And Prepare For Dawn – Part – II
A brainy businessman never does his trade that just caters the needs of the society. Instead, he does something smarter. Rather than serving the existing needs, he creates one. Therefore, now new avenues are open for him to play his trade games. The same happens in cinema that is industrialized. “This is what the audience want”, is actually an invented truth. They brand this ‘Commercialism”. If this argument were true, good cinemas would have seen no one but empty halls.
In fact, a superior work when conveyed properly to the viewers enhances them to move on to the next level of appreciating films. On the other hand, it has to be taken into account that a bunch of serious audience set a productive compulsion to cinema to upgrade itself of standards in terms of content and treatment. ‘The French New Wave’ of the sixties is a notable example. It is because of the same reason regional cinema sheds off it’s cliché’s and reinvents itself from time to time. Even commercial films have to move on in the same path as they find that the existing trend is no more saleable, they have no choice but to transform and move ahead.
We’ve too many forms of enduring arts amid us. Painting, Music, Dance, Theatre, Folk lore are some of them. Most of these have blended with our lives and our culture. Along with the evolution of human civilization, they too have evolved ever since, reviving them every now and then. Even today, they keep transforming thanks to the escalated creative thinking of their makers and the upgraded sense of appreciation amongst their audience. Though we’ve these arts that have become an integral part of ourselves, the history of their origin is not authentically known; because they are with us from yore.
The history of the origin of any of these art forms is ambiguous. In fact, no one is sure about the history of them from the moment of their inception. If ever one art that has a perfect recorded history from it’s genesis it could only be Cinema. Yet many among us aren’t even ready to accept cinema as an art. It may be because for many of us cinema is synonymous to fun and entertainment. So, very few are prepared to approach it as a serious medium. None could be blamed for this, as its not fair to point one’s fingers over them, for they have not been trained to appreciate cinema as an art form yet. Its something like questioning a bunch of students on the topics which were never discussed in the class.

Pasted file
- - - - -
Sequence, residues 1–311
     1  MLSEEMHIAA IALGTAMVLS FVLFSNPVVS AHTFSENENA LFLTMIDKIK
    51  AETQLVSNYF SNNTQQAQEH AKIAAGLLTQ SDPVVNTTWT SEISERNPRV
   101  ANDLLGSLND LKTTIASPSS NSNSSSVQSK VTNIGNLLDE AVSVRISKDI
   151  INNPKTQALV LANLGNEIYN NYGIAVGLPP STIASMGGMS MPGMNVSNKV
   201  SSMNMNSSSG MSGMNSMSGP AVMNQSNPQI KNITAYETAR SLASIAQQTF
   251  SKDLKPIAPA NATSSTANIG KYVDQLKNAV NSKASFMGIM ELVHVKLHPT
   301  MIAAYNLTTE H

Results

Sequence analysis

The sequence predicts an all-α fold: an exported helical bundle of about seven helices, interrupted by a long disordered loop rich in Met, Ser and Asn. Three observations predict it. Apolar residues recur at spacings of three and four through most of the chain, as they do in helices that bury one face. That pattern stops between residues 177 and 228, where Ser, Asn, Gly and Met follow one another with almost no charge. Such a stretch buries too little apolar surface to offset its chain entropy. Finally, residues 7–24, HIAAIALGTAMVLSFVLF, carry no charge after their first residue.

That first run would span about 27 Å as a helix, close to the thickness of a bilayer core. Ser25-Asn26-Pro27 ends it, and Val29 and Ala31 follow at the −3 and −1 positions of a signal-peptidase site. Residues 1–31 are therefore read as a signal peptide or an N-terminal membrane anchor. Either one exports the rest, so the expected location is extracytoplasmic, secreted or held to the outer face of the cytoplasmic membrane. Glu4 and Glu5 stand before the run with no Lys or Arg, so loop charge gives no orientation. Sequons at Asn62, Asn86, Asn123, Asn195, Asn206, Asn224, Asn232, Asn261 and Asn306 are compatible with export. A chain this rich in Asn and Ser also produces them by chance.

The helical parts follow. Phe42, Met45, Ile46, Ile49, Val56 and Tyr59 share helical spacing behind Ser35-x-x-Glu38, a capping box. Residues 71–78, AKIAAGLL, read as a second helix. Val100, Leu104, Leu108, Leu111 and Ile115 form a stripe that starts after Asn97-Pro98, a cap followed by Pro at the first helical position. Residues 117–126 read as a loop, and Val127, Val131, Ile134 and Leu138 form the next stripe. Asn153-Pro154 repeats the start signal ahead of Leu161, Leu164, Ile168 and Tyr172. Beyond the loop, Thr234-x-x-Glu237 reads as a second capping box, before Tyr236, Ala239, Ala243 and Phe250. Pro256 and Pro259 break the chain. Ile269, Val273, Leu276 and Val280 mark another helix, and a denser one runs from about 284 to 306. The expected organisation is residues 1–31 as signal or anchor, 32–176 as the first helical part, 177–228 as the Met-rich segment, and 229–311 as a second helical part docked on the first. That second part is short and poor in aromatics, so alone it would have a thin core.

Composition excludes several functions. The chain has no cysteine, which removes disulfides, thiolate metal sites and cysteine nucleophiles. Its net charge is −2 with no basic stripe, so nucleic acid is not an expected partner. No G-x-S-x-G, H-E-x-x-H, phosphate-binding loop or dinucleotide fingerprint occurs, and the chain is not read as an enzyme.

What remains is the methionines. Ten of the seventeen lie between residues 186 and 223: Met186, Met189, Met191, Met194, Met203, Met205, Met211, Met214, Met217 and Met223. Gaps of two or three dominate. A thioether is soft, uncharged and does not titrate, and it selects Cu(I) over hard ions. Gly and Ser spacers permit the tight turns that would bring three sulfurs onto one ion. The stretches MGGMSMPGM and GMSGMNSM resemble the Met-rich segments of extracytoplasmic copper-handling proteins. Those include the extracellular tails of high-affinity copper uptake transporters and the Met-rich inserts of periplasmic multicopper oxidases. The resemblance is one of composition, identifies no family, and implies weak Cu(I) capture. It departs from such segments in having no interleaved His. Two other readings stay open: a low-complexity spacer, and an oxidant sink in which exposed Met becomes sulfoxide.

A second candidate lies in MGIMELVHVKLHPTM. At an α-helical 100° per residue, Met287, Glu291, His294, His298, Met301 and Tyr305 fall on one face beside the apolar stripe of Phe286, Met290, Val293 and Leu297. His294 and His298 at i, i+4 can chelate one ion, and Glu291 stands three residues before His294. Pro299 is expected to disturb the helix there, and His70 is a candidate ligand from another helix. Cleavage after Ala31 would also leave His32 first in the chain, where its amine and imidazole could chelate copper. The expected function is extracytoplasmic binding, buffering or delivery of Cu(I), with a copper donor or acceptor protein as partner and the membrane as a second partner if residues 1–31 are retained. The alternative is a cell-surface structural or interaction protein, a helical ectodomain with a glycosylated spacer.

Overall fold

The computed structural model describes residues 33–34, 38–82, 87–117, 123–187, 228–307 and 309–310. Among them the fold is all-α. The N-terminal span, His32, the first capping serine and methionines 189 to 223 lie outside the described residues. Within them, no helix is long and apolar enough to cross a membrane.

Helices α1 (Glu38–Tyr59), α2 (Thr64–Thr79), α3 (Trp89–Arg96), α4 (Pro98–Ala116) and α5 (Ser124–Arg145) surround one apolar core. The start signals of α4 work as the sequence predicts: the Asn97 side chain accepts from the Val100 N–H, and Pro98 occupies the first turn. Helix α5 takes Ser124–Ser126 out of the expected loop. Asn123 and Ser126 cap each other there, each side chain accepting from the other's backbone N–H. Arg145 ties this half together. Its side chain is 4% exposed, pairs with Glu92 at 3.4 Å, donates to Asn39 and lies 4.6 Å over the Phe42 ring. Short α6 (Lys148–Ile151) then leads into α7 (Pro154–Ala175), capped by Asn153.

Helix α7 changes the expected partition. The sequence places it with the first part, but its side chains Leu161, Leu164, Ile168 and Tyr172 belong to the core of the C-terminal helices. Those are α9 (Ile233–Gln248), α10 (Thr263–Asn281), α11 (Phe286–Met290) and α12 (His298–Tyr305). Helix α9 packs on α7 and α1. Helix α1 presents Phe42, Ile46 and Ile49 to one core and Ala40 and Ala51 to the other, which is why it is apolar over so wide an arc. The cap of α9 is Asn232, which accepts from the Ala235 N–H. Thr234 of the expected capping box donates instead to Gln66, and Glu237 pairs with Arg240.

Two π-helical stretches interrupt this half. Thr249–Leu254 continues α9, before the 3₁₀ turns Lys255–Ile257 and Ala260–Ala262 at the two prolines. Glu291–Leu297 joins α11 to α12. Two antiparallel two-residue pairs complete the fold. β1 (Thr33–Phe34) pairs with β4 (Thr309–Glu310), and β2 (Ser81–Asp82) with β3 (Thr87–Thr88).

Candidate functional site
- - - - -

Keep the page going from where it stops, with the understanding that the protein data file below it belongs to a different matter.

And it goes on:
In today’s milieu, one gets a professional introduction to literature and any of the art forms only via education. Ironically, the curriculum that introduces every art to us has no room for cinema. Many a times I have heard the elders complaining that it’s cinema that takes youth off the right track. Having said that, “How do we let them have an unguided exposure to cinema for generations”?
In today’s scenario arts are introduced to us through education. The curricula which introduces literature and many other forms of art ironically ignores cinema. Cinema is pointed out as the reason for indiscipline and lack of morality among youths. The parents teach everything else to their wards. Sadly both parents and the education system have seriously failed in this aspect. In a way, pointing fingers towards parents is absurd, since they themselves aren’t trained to aptly perceive the art of cinema. So blaming them is meaningless.
Treasures never seek men. It’s the other way round. Those who seek may find.